A major grant from the Stupski Foundation to address the advising piece of this equation will be of great help I want to congratulate the Provost and his team for securing this award and we can support this effort in the classroom.
It is there where many of us listening to these welcome speeches today will make the most difference through greater efforts to deliver culturally responsive and inclusive pedagogy an effort that the Provost will support with a Faculty Learning Community on this subject this year.
In reading the Master Plan report I was struck by the statistic that in California 64% of the tenured faculty and leadership in the CSU and 62% and 72% respectively of the leadership and tenured faculty in the Community Colleges and UCs are reported to be white while only 23% of the 2.8 million undergraduates in higher education are of this ethnicity.
Clearly this has to change and as we enter into a new phase of shared governance and the hiring of administrators such as the Dean of CEAS and our President and of new faculty in programs such as my own AGES we must bear this statistic in mind.
I have been encouraged this summer by the organic mobilization of many faculty staff and students around the issue of institutional racism and in support of efforts to close the equity gap.
Many of our colleagues and our students have organized and participated in protests across the Bay Area and on our campus they have joined forces in the Alliance for the Black Community the White Anti-Racist Collective and the Un-DocuAlly Task Force.
And almost 650 staff and faculty signed an open letter to our students professing our commitment to combatting racism and anti Blackness – to promoting social justice and to achieving equitable success for all our students.
I have also been encouraged this summer by the willingness of our administration to engage in discourse on these and other topics for example in the weekly meetings and frank discussions we have held between our Senate leadership and President Morishita and Provost Inch and in the Strategic Planning process chaired by Vice President Espinoza and Provost Inch which is doubling down on addressing structural inequities within our student outcomes.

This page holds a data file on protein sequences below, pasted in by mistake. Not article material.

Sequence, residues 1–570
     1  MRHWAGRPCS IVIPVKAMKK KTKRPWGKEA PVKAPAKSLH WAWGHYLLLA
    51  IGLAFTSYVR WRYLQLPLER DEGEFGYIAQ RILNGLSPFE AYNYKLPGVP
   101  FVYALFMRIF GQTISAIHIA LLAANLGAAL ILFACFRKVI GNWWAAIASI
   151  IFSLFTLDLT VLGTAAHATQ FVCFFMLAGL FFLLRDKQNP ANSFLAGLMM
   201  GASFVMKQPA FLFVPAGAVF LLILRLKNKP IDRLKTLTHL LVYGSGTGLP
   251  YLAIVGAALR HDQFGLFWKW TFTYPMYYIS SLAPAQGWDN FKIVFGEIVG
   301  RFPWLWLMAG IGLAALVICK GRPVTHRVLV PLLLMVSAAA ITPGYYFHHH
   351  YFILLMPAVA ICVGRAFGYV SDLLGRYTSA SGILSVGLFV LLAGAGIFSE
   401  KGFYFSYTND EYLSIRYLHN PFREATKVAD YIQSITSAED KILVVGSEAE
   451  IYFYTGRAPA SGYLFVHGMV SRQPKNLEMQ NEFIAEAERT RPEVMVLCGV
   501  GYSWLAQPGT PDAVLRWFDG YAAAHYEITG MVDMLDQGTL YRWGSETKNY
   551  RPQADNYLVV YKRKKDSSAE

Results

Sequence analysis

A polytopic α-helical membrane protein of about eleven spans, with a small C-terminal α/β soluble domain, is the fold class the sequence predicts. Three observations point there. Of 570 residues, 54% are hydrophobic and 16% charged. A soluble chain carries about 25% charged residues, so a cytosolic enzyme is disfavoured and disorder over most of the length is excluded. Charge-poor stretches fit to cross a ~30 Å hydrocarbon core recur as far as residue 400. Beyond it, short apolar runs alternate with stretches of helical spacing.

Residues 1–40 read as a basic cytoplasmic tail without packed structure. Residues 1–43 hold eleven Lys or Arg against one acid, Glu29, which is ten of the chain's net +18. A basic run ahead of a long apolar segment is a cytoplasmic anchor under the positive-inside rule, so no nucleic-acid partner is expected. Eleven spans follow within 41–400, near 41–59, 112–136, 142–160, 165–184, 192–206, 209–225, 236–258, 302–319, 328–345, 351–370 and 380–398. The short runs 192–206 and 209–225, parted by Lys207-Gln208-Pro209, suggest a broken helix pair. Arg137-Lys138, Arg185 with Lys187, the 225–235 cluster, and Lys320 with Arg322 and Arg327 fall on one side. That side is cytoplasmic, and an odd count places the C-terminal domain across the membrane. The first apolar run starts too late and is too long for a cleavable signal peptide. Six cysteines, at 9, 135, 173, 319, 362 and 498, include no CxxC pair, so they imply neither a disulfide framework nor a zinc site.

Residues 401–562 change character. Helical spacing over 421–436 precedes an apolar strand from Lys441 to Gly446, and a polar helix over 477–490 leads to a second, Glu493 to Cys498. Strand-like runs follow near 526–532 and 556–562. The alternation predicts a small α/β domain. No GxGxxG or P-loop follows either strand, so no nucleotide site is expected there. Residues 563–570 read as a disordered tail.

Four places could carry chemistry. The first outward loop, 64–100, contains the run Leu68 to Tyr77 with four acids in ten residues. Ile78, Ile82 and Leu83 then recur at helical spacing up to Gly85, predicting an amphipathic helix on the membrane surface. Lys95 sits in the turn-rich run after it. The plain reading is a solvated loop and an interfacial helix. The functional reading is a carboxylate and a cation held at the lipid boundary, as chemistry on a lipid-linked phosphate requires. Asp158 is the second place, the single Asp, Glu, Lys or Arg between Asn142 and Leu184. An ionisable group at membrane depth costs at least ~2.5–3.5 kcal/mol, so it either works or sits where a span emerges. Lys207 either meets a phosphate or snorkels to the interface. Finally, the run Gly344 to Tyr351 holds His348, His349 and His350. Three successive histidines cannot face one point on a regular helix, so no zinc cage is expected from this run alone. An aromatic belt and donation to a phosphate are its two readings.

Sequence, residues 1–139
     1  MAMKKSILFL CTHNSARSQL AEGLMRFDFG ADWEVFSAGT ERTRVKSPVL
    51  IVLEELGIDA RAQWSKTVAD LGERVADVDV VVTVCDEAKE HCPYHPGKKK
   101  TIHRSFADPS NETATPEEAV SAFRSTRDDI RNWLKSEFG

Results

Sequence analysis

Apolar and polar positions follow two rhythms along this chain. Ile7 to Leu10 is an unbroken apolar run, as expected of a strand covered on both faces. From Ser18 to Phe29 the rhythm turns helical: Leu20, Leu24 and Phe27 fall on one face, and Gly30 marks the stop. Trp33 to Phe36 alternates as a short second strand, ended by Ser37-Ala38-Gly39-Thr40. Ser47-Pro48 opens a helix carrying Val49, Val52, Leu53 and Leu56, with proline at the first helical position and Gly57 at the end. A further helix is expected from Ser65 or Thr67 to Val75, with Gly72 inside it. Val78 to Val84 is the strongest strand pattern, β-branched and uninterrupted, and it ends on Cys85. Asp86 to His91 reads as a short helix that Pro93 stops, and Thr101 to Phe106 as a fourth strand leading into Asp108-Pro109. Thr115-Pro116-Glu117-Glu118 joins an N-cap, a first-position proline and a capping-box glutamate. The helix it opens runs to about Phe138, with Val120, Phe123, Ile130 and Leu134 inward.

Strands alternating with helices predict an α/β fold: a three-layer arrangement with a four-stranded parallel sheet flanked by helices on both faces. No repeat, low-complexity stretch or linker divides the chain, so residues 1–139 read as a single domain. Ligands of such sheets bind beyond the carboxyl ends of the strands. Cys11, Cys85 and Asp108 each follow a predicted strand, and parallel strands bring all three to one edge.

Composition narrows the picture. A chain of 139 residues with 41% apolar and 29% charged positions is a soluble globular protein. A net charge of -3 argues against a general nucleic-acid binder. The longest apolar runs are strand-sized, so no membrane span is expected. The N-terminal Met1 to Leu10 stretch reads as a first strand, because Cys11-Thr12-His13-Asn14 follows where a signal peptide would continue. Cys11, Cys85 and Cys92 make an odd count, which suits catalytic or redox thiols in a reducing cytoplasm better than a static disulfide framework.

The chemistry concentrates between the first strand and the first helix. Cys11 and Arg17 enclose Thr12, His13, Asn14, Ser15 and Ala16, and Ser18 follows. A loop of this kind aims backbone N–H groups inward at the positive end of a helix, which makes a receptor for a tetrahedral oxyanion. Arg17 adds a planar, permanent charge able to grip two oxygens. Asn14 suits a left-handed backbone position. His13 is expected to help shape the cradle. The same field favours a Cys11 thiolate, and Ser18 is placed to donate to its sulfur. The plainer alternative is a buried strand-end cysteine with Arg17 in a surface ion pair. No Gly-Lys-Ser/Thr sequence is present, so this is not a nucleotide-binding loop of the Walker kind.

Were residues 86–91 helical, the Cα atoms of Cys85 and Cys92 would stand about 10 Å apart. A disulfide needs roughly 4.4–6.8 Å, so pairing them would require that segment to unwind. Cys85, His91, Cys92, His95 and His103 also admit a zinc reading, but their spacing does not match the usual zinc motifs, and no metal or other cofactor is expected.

The Strategic Plan is committing to making student resource centers for our African American and Undocumented students a reality adding to commitments already made to staff coordinator positions in support of campus efforts for both of these student groups.
Looking at the year ahead it seems from all the evidence that we are about to enter the first of a multiyear economic crisis that will see our University budget shrink.
This raises the specter of layoffs of staff and faculty and makes the role of the Senate which appoints each year the University Committee on Layoffs to advise our President and our committees like COBRA which advises the University administration and particularly the Provost on our spending priorities even more important than usual.
It requires that our Senate work together with our administration and our unions especially the California Faculty Association and the California Employees Union to craft a balanced – equitable consensus approach to weathering the coming budget crisis with the greater collective good first and foremost in all our minds.
Together we are stronger divided we are weaker and our Senate is one place that we all come together – administration – faculty – staff and students – and can craft a collective response to continue to fulfil our mission – educating the students that entrust us with preparing them for the future and for the challenges ahead – even in the face of severe adversities.
The next time we meet to convene our university community for a new academic year we will have a new President.
We should be introducing one today but President Morishita gallantly agreed to continue on through the end of the calendar year to provide continuity of leadership in addressing the Covid19 crisis and I am very grateful for his generosity commitment and integrity in agreeing to do so.
In September the Advisory Committee to the Board of Trustees of which I, Jason Smith, Vanessa Yingling, Lisa Booker and Suzanne Espinoza will be the faculty, staff and administration representatives will meet to review the application packages of potential candidates.
We will do our very best on your behalf to identify and to recommend the best candidate who we believe like President Morishita before them can uphold and further shape the mission and values of our University and our commitment to an equitable socially just and sustainable society as we strive to educate our amazing – diverse – inspirational East Bay students.
Thank you all for your time and your continued efforts to support our shared governance and have a productive, safe and healthy academic year wear your masks in public and wash your hands frequently.